If you want to combine the dynamics of a well-recorded drum kit with the pumping excitement you get from heavy compression, send either the overheads only or the entire kit to a buss and insert a nice-sounding compressor there. Set the compressor to a high ratio and low threshold and mix in some of this with the song. You may need to adjust the attack and release controls to get the effect you're after, but you don't need to blend in much of the compressed sound to really add punch and weight to a drum track. Nicholas Rowland
Accompanying the Tempo guitar was the Merson Tempo Guitar-Amp. This was a tube amp with two instrument and one microphone input, heavy-duty 8″ Alnico 5 speaker, volume and tone controls, and a pilot light. The cabinet was covered in two-tone leatherette. The picture is in black-and-white, but the look is remarkably like Premier amps of the time, so a tan and brown color would not be a bad guess. The speaker baffle featured a classical guitar design (!) with “Tempo” written in little circles on the bridge! Substitute a lyre for the classical guitar and you’d swear this was a Premier, made by Manhattan neighbor Multivox, so that might, indeed, be the story there.

Where do you people get off not even mentioning BC Rich. They have a fine selection of Guitars, they use some of the best woods you can ask for, very good electronics, and Kerry King of Slayer fame will only play BC Rich, that in itself should be enough said. On top of that the body styles that they have to choose from is far more innovative and original than anything that Ibanez could ever dream of producing. Fender and Gibson are in fact the most well known guitars in the world but frankly the body styles are outdated and worn. They believe in staying with what works but wheres the originality? Im sorry if I offend but BC Rich til death. I have never seen anyone come up with anything as wild and as evil looking as the worlock models. I mean the nickname for a guitar is an axe but so far only BC Rich guitwrs look like somthing you can take into battle, and the sound is like the very voice of Satan himself. And shame on you all to forget about Dean Guitars, They were used and endorsed by the God of Metal shreddiing himself Dimebag Darrell Abbott. The man died on stage with one in his hands. RIP Brotger and Goddspeed. give repect where respect is due.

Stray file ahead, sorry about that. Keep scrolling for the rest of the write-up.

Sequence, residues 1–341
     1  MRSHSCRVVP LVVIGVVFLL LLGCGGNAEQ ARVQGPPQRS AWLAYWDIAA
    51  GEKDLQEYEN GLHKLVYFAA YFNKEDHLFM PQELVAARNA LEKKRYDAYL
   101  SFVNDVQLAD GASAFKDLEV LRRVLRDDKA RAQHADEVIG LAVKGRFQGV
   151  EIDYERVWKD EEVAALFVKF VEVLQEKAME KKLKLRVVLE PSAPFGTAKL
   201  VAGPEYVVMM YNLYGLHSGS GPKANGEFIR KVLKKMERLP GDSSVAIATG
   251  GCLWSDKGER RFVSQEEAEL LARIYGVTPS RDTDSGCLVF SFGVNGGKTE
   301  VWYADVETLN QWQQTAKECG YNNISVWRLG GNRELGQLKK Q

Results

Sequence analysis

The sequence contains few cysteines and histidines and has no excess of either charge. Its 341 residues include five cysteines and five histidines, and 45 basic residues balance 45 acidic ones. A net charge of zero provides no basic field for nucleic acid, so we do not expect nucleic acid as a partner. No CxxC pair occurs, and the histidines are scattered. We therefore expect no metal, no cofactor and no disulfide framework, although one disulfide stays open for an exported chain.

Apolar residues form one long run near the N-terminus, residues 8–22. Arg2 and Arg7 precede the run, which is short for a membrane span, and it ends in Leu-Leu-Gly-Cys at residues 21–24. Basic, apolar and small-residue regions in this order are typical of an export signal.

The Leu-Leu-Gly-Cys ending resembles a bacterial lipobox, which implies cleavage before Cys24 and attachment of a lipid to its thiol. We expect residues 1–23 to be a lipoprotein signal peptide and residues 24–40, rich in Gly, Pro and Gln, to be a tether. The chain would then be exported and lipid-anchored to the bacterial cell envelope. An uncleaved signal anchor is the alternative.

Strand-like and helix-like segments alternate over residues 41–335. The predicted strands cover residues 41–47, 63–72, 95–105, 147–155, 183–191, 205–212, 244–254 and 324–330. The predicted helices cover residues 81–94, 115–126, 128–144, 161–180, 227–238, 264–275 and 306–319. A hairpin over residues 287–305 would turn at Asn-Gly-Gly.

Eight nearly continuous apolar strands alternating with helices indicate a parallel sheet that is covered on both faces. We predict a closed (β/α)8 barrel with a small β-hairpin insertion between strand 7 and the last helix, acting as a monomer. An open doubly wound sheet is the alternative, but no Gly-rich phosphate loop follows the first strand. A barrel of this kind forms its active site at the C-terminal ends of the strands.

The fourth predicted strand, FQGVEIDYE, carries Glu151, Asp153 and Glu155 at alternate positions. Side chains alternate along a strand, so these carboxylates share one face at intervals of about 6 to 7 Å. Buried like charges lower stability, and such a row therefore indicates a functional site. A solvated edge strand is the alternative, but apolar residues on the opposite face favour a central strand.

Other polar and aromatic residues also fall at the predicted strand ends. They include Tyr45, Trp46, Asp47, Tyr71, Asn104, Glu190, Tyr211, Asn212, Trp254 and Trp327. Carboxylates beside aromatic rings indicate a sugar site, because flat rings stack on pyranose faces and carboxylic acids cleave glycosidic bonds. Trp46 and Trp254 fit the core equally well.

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That protection, the MPA argued, ensures that people who create written music and related products earn a fair return for their efforts. They earn income from the sales of books, sheet music, lyric sheets, and other published materials. These individuals and companies work with the creators of music to produce well researched, accurate materials for sale to the public. The creation of these publications require substantial investments of time, materials, and fees. The free posting and distribution of TAB, lyrics, or other music notation, they argue, harms those who made those investments, and followed established business and legal procedures.
Pictured is a tremolo arm or vibrato tailpiece style bridge and tailpiece system, often called a whammy bar or trem. It uses a lever ("vibrato arm") attached to the bridge that can temporarily slacken or tighten the strings to alter the pitch. A player can use this to create a vibrato or a portamento effect. Early vibrato systems were often unreliable and made the guitar go out of tune easily. They also had a limited pitch range. Later Fender designs were better, but Fender held the patent on these, so other companies used older designs for many years.